This isn't weak ankles. He can't bend his front legs from the knee or his ankles along with his bowed legs. He can stand up but can't get his feet under him to stand longer than 5 seconds. The thing is if he does stand I'm not sure how well he could walk because of how bowed his legs are.

If you can physically straighten his legs and they aren't "locked" in position there is hope. We have had several crab legged calves over the years. Keep the milk in him and pull his legs out in front when he's lying down.
An old kitchen chair is pretty handy to put under him while feeding him off the cow. ( I take it you have a chute or maternity pen.) It will also encourage the calf to try and use his legs.

Don't give up yet, he straightens out like he should and there is a thousand dollar bill to cash this fall! :wink:

Good Luck
 

Clarencen

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We have had a few calves like that here a few times. Been long ago so don't remember to well. If they were not to bad sometimes they got over it, but had bowed legs. Didn't know the cause but thought maybe we were buying to many of our bulls from the same source.

Those with just bent ankles usually got allright in a few days or weeks did have one or two that would walk on their ankles part of the time later. We thought that might have been from not enough room before they were born and the ankles bent to long. Did get a few with bowed or short tendons and a cleft pallet, but I don't think we have lupine here. We do have Lamberts Crazy Weed, thought it might be that.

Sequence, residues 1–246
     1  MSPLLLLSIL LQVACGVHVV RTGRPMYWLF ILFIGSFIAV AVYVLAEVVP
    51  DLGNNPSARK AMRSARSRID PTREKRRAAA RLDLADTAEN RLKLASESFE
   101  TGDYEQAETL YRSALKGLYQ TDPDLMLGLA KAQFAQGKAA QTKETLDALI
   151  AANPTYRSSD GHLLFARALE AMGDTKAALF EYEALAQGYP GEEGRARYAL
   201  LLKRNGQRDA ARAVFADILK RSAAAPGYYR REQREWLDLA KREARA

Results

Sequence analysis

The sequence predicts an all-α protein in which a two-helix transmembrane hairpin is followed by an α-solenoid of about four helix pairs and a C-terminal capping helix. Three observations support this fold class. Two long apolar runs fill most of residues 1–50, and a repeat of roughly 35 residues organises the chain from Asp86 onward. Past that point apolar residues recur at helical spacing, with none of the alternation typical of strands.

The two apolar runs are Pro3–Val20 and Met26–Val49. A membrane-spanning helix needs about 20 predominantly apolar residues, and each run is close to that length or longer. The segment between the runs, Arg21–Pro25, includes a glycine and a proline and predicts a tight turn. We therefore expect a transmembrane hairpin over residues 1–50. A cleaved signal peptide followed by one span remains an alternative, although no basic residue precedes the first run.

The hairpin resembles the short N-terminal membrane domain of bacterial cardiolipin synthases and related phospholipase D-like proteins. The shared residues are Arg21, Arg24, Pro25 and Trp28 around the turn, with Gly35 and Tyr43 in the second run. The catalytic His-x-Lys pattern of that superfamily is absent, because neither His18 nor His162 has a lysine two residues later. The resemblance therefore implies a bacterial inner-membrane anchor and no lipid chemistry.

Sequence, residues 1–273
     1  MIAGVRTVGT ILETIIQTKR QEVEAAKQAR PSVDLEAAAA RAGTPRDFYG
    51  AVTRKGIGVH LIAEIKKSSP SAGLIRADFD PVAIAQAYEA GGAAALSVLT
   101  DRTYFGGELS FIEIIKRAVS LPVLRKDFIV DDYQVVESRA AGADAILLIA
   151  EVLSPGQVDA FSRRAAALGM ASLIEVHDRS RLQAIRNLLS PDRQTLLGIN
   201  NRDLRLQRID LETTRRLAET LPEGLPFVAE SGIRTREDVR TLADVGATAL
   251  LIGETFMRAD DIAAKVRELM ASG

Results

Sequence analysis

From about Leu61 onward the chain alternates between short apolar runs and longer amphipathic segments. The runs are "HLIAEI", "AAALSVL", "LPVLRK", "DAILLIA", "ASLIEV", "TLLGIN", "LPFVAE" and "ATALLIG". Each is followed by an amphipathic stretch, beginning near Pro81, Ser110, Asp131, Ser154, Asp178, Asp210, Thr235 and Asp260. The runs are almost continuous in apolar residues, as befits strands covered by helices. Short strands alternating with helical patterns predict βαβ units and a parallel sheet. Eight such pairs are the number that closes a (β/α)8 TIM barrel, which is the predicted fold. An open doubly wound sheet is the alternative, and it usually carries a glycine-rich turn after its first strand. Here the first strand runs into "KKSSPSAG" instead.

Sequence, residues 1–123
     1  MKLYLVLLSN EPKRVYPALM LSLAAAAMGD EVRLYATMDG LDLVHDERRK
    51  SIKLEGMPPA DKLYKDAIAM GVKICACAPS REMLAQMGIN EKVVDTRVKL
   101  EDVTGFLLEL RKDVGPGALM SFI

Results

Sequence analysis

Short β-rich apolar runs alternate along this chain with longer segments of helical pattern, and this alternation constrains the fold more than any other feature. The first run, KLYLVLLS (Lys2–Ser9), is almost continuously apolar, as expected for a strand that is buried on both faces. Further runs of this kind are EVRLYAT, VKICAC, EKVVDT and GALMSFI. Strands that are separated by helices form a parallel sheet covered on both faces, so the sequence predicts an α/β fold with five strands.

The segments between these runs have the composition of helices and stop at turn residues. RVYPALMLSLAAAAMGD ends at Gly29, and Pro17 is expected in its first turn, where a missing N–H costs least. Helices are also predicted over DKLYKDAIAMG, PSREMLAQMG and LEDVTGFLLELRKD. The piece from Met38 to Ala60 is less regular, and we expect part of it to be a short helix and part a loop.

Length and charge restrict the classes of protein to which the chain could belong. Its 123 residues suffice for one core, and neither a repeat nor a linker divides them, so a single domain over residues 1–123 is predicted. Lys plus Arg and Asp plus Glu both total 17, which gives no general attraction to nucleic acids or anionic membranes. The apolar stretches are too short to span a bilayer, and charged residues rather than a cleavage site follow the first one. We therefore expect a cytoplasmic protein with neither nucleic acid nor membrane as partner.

jingo2

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If you have raised any number of cattle you will see this and it's usually NOTHING at all.

Crowded in the womb,big baby,or just one of those things. Just make sure it's nursing/getting groceries and it will get over it.

These are growing babies and their tendons and bones are elastic. Learn physio of calf, get yourself some books and read up.

Best thing it can do is try to get up and walk on it's own. Few days to a wk or so and you'll never know it!
 

Bullhauler

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I have had a few bow-legged calves like that over the years. The worst one had to come out the side because the legs wouldn't straighten at all. I have never had one get big enough to even make a butcher calf out of. Now the ones that walk on their first joint instead of their hooves always seem to get better within a week with no intervention at all.